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Manipur: Public Representatives Should Come Forward

Manipur has completed one year of the ongoing caste violence,  but even after a year of the violence, tensions continue between the Meitei and Kuki communities in the state. 

So far, about 226 people have died in this caste violence that started on May 3 last year. 

Those killed have been identified as 20 women and eight children. More than 1,500 people have been injured and around 60,000 are forced to live in relief camps.

Within the first week of the conflict beginning, there was widespread arson and violence. 

Meitei people living in Kuki-Zomi dominated areas like Churachandpur, Kangpokpi and Moreh were moved to the Meitei-majority valley. 

Kuki-Jomi and other Meitei-dominated areas in Imphal were evacuated to Churachandpur and Kangpokpi, while many people fled the state to neighboring Mizoram or elsewhere in the country.

A senior police officer told  that the spread of violence has declined slightly over time. However, after April 13, the fire of violence flared up again.

These include the killing of two people in Kangpokpi district and the killing of two CRPF jawans in an attack on a CRPF post in Bishnupur district.

If we now talk about the law and order of the state, then the situation is so bad that the state CM N Biren Singh has not even been able to go to Kuki-Jomi area to assess the loss of life and property. 

The society has completely disintegrated here. Be it offices or hospitals, no government system is visible anywhere.

An officer stressed that only representatives of the public would have to come forward for talks. 

He said that we can easily deal with extremist organizations. But for that the public will not have to come in between.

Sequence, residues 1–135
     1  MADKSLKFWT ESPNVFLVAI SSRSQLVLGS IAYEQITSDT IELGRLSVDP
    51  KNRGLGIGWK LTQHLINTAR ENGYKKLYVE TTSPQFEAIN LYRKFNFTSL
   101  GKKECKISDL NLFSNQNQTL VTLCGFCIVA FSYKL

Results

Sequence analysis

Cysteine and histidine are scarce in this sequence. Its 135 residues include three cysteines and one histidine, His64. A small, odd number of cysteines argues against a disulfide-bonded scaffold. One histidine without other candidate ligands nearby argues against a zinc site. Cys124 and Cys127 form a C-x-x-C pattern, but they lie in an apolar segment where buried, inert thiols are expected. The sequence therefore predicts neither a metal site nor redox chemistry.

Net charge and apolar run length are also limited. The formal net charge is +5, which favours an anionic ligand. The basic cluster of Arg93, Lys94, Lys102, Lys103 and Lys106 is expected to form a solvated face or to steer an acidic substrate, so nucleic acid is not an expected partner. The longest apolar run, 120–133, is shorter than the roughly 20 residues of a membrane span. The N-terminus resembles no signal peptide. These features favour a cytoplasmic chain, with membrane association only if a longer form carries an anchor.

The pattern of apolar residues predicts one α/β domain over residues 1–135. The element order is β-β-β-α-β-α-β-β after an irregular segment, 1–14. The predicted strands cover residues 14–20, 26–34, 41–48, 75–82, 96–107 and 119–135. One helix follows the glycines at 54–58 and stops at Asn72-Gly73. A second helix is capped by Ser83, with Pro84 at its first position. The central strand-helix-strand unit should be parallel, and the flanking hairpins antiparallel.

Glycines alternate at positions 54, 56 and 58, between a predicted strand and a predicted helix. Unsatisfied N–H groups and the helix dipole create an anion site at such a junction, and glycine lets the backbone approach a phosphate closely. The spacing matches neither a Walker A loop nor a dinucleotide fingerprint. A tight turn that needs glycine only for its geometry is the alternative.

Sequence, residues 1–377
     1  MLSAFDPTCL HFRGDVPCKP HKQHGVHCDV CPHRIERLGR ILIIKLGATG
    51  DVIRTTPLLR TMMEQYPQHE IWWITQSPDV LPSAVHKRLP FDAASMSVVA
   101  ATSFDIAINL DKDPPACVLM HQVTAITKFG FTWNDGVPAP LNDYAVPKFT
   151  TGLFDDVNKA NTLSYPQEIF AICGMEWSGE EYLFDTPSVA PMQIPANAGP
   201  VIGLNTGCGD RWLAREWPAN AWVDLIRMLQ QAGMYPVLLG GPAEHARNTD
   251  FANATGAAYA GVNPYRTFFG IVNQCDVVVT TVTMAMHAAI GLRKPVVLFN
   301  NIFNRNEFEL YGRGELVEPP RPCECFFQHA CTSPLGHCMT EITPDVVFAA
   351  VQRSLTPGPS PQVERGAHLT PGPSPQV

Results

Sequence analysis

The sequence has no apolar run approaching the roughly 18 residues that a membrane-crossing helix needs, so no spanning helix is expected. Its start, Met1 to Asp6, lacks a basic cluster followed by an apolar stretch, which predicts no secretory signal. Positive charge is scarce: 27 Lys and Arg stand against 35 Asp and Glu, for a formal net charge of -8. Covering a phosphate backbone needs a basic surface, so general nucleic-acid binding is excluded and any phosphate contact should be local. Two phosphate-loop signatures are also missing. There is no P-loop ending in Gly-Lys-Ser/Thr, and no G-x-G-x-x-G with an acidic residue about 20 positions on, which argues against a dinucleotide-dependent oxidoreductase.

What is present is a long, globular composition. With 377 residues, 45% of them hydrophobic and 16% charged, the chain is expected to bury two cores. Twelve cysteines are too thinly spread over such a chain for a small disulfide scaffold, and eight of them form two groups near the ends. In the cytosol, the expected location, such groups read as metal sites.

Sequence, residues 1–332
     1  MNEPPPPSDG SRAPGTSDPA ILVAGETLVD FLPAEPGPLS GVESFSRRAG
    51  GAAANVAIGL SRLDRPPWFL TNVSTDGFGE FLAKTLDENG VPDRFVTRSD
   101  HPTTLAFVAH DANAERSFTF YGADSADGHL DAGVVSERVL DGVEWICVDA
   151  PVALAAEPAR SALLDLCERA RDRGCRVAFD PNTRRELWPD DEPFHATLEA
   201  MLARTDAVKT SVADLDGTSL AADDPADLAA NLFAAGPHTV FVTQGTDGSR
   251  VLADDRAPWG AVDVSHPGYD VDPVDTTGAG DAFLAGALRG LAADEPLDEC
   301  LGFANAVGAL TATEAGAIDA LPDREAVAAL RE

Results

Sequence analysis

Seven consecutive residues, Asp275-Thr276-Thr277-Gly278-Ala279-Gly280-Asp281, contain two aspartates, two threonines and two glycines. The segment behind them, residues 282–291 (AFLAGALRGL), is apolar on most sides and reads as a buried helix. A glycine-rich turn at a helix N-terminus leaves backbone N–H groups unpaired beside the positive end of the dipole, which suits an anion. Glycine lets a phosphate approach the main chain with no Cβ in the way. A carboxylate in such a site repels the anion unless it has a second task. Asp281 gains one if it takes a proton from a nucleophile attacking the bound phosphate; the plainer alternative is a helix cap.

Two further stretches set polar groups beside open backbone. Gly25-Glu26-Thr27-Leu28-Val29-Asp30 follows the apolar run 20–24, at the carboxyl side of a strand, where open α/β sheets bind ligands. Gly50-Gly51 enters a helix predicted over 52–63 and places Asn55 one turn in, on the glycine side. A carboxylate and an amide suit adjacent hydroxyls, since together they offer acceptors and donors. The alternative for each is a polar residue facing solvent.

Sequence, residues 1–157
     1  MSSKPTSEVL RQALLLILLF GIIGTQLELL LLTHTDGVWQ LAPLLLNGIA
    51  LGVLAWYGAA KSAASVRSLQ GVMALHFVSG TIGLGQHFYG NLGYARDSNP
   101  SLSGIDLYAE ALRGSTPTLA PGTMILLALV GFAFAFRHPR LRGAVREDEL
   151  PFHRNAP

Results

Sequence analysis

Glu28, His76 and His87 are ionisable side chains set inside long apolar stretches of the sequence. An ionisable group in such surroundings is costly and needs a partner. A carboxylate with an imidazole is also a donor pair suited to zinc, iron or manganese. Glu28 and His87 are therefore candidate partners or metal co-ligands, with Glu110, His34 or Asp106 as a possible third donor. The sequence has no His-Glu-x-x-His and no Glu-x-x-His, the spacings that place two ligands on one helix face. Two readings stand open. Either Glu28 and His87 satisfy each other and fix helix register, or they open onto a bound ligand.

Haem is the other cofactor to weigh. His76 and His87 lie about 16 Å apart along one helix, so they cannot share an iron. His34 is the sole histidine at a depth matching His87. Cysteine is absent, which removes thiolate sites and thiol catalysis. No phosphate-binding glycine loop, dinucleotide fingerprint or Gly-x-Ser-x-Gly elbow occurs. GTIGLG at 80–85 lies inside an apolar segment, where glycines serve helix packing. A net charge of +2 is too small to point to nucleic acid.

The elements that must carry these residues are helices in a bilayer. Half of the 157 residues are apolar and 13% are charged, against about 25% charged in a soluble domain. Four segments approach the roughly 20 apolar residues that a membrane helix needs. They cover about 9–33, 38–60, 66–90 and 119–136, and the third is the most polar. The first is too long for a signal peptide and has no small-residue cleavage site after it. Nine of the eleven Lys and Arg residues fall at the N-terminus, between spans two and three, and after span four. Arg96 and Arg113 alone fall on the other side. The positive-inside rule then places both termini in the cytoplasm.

The officer also said that if people intervene, people may suffer huge losses. 

Referring to an incident that took place earlier this week, the officer said that a large number of women freed 11 people detained by the army and not only this but also demanded the return of the weapons seized from them. 

The biggest challenge is getting the right health care for people suffering from chronic disease. Despite the government health scheme, people suffering from cancer and diabetes are not getting proper treatment. 

Even after getting treatment, a lot of money has to be spent from one's own pocket. Many times people resort to donations in situations like surgery. 

People say that the government should work on expanding health facilities.

Muan Tombing, secretary of the Indigenous Tribal Leaders Forum, said the Center is well aware that we cannot live together under one administration. 

Our issue has to be resolved. This is the way forward and we will continue to insist on it. There can be no compromise of any kind. It is very clear that the Manipur government will not do anything about it, but we will continue to press our political demand with the central government, while we continue to protect our land. 

On the other hand, Khuraizam Athouba, spokesperson of COCOMI, an organization representing Meitei interests, said the only way forward for the Center is to take a tough stance with the Kuki-Zomi rebel groups. Also, the ceasefire agreement with them is to be suspended.